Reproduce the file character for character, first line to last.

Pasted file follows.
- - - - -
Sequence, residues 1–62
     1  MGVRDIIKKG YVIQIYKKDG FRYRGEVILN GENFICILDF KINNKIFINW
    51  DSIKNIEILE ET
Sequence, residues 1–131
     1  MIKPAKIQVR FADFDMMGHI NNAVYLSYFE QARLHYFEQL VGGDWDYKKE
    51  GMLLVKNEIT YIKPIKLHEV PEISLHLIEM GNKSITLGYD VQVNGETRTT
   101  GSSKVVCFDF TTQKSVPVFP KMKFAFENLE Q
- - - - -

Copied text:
Sequence, residues 1–62
     1  MGVRDIIKKG YVIQIYKKDG FRYRGEVILN GENFICILDF KINNKIFINW
    51  DSIKNIEILE ET
Sequence, residues 1–131
     1  MIKPAKIQVR FADFDMMGHI NNAVYLSYFE QARLHYFEQL VGGDWDYKKE
    51  GMLLVKNEIT YIKPIKLHEV PEISLHLIEM GNKSITLGYD VQVNGETRTT
   101  GSSKVVCFDF TTQKSVPVFP KMKFAFENLE Q